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Evidentiality and Modality in European Languages

Discourse-pragmatic perspectives


Edited By Juana I. Marín-Arrese, Julia Lavid-López, Marta Carretero, Elena Domínguez Romero, Mª Victoria Martín de la Rosa and María Pérez Blanco

Evidentiality and Modality in European Languages focuses on discourse-pragmatic studies on the domains of evidentiality and epistemic modality, and also includes studies on deontic modality. The book presents ground-breaking research on the functions and the discourse-pragmatic variation of evidential expressions and modals in diverse discourses and genres, applying corpus-based methodologies. It offers unique features regarding content, usage and methodology, and comparative studies. The comparative viewpoint is addressed in contributions which provide a usage-based cross-linguistic account of the expression of evidentiality and modality in various European languages (English, French, Italian, Romanian and Spanish). The contributions are representative of the work on evidentiality and modality in European languages carried out in a substantial number of countries, Finland, France, Germany, Japan, Netherlands, Romania, Spain and Sweden.

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The Covert Modality of “Letting” in the English Middle Construction (Pilar Guerrero)


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The Covert Modality of “Letting” in the English Middle Construction1

Abstract: The main aim of this paper is to explore the connection between generic aspect and “covert modality” in the English middle, where the notion of modality is not “reliably associated with any overt lexical items” (Bhatt 2006: 1). Following Davidse and Heyvaert (2007: 39), middle constructions are regarded as structures “expressing a modal letting value”. Along the lines of Yoshimura and Taylor (2004), I discuss the qualia structure of nominal referents in middles (Pustejovsky 1991, 1995), identifying the semantic components that are essential in the interpretation of middles as intrinsically modal generic sentences. I also argue that contextualization and high-level metonymy may contribute to enhance the “letting” modality of middles, foregrounding some intrinsic and nonintrinsic “conducive” properties of the subject entity.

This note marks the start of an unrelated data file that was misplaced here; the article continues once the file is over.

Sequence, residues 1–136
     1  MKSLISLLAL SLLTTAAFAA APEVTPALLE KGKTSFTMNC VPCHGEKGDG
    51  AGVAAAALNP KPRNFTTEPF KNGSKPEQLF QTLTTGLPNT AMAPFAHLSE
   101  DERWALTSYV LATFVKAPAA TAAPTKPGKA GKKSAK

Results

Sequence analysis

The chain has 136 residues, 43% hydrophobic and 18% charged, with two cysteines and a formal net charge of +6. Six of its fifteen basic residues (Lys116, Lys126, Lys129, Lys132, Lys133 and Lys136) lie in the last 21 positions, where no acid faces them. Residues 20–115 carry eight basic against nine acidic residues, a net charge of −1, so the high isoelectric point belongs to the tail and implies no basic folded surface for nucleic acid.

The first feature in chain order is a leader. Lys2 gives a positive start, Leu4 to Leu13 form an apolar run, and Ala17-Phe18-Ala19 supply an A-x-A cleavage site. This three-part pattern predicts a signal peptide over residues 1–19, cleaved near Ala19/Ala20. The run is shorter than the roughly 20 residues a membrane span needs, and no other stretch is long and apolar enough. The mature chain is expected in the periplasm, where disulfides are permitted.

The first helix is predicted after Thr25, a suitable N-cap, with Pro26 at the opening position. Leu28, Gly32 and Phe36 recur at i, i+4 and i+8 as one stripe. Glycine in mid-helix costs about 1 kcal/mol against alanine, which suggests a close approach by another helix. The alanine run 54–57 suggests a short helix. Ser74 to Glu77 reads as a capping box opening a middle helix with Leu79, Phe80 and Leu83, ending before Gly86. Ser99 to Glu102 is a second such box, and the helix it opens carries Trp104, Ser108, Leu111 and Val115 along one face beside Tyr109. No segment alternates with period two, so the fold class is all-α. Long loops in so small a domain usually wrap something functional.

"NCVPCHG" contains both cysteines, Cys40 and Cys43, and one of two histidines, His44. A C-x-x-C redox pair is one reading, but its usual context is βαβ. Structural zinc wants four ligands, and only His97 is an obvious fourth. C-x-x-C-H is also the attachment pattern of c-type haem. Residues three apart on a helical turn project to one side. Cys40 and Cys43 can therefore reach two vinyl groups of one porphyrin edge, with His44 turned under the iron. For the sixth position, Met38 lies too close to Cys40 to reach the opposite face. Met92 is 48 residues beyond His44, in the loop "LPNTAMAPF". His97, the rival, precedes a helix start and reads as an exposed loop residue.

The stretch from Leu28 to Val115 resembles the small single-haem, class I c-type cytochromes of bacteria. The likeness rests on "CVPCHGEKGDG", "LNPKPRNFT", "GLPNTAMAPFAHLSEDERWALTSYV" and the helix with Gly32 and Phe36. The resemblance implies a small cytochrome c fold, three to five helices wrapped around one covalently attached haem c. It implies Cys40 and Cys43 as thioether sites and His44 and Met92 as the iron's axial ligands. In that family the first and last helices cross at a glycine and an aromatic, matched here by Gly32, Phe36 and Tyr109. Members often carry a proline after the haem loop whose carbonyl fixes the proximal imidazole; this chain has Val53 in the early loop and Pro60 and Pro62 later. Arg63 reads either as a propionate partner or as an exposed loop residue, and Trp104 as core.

Keywords: “letting” modality – metonymy – middle construction – qualia


Modality and genericity are presented as typical features of the English middle construction in the linguistic literature. According to Keyser and Roeper (1984: 384), middles, “sometimes called generic sentences, state propositions that are held to be generally true.” In the words of O’Grady (1980: 66), they typically denote “general tendencies and potential uses” rather than “specific actualized events.”

Authors like Fagan (1992) and Massam (1992) have proposed a modal analysis of the middle construction. Massam defines the English ← 219 | 220 → middle as a “sentence which contains a certain modality […] which lends a...

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